Don’t worry about keeping up with the Joneses, and don’t try to focus too hard on labels. Focus instead on what looks good on you, what you like.

2. Watch Out for Heels and Tight Clothes

To the ladies, Eugene suggests that you avoid staggering tall heels that only hold you captive at a fancy event. Instead, ask yourself, ‘What is my ideal heel height?’ Go with something sensible based on that. And then, invest in great flats and dare to wear them with a floor length dress. Eliminate ‘tight’ and ‘fitted’ from your vocabulary and embrace tailoring.

3. Get Good ‘Drawers’

Also, Eugene believes that underwear should be the foundation of your wardrobe. I proved that point myself during our dinner. I was busy eating sizzling sisig (tasty!) while wearing a cold shoulder sweater (shoulders cut out of the sweater), and the unflattering gray undershirt strap that I had just thrown on underneath slipped free. Eugene politely reached forward and nudged it before I even realized what had gone awry. He smiled, “Invest in good drawers! And you need to tell it just like that, write ‘drawers!’ ” So I crossed out the word ‘underwear,’ and now you get the message.

4. Jackets and Spring Layering for Men

Some advice for the guys… you’ll want to check out Shaka King, a local men’s wear designer and executive director of DC Fashion Incubator. (If you’re a designer, you definitely want to look at their mentoring programs and workshops.) Eugene says designer Shaka King has lots of on-trend embroidered bomber jackets featuring tigers that are worth checking out. And for clever spring layering, try a stripe or solid button-up-the-neck shirt for clean lines and wear a thin, gauzy turtleneck underneath.

Model in purple shades, blue shirt, jacket and slacks, styled by Eugene Simms.
Styled by Eugene Simms, model is Christopher, photo by Willpower Photos

5. Unisex Layering for Everyone

Eugene even suggested a unisex look for layering sweaters and shirts for everyone now that the weather is changing. Mix winter and spring pieces by pairing lighter knits and outerwear with spring items. Use pastels and bright saturated colors with a tweed jacket, for example. If you layer, go with slim layers and feel free to play with patterns and texture. Try a floral blouse or shirt with a pullover sweater, but then keep the shirt buttoned all the way up and flip up the collar to look high-tone, yet casual. Try on a chunky sweater but then leave your coat opened and cinched with a belt across the sweater. It’s a look that’s been on the runway of late. You can even layer coats by wearing a long duster beneath a shorter jacket.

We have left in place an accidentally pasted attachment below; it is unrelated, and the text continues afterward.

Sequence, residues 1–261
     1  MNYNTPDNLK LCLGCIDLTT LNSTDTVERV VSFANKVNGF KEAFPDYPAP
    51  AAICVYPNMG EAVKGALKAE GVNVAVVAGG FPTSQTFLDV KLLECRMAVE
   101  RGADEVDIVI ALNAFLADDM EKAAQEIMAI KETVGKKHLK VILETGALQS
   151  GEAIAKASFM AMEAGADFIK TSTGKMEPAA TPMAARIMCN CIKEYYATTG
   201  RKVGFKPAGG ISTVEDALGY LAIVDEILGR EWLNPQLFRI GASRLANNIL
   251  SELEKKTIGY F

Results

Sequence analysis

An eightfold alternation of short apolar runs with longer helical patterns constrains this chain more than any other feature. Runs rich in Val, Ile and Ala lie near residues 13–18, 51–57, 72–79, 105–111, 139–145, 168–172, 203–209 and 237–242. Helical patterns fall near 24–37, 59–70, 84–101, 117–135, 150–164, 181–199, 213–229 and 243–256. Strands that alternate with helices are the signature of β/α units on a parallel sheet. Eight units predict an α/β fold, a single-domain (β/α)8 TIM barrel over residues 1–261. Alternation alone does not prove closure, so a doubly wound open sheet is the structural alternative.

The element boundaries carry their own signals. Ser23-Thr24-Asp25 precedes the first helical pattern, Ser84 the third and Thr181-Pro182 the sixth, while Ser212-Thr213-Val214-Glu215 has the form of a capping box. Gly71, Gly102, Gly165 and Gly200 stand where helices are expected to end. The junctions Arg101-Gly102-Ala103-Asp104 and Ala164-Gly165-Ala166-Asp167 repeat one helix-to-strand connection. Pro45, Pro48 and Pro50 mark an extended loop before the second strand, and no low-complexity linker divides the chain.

6. Get in the Pink

Blush tones are also really in now. Think dusky pink blazers and shirts that also double as a neutral tone that you can wear with other colors. Blush tones are one of the new neutrals. Also try gold-tone detailed accessories.

7. Have a Tailor in Your Pocket

And for everyone, getting the right fit is incredibly important, especially if you shop off the rack. Eugene recommends the Tailoring & Alteration Center on Fenton Ave., in Silver Spring, Md. and Parkway Custom Drycleaning on Connecticut Ave., Chevy Chase, Md. (I was excited to see that and The Washingtonian also speak highly of these places.)

Want to Talk to Eugene?

If you’d like to work with Eugene and ESA Style, LLC, you can reach him on Instagram @e.s.a_style1 or by email. (Eugene is currently building his website.) I asked what the average person can expect and Eugene says he would be happy to provide advice and walk you through “The Five Keys to Style”, which are the cornerstone to any good wardrobe. What are those? Ladies and gentlemen, I’ve been sworn to secrecy—okay, not so much secrecy, but if you want to know, contact Eugene! 🙂

ESA Style, LLC logo

I am very glad that Eugene helped make me more comfortable with who I am in my clothes, and I’m sure I won’t be the last one to feel compelled by Eugene to fully embrace style in her own life. I hope Eugene goes on to take his company international and become a style influencer like he dreams.

“People with great style are free and unencumbered by the opinions of others… You get comfortable with all that you are.”

Thank you, Eugene. You could not have put it better.

Stay tuned for more fashion profiles on Royal Jelly DC. Are you an aspiring fashion mogul in the Washington, DC area? Get in touch and help me empower others to fulfill their dreams. Contact me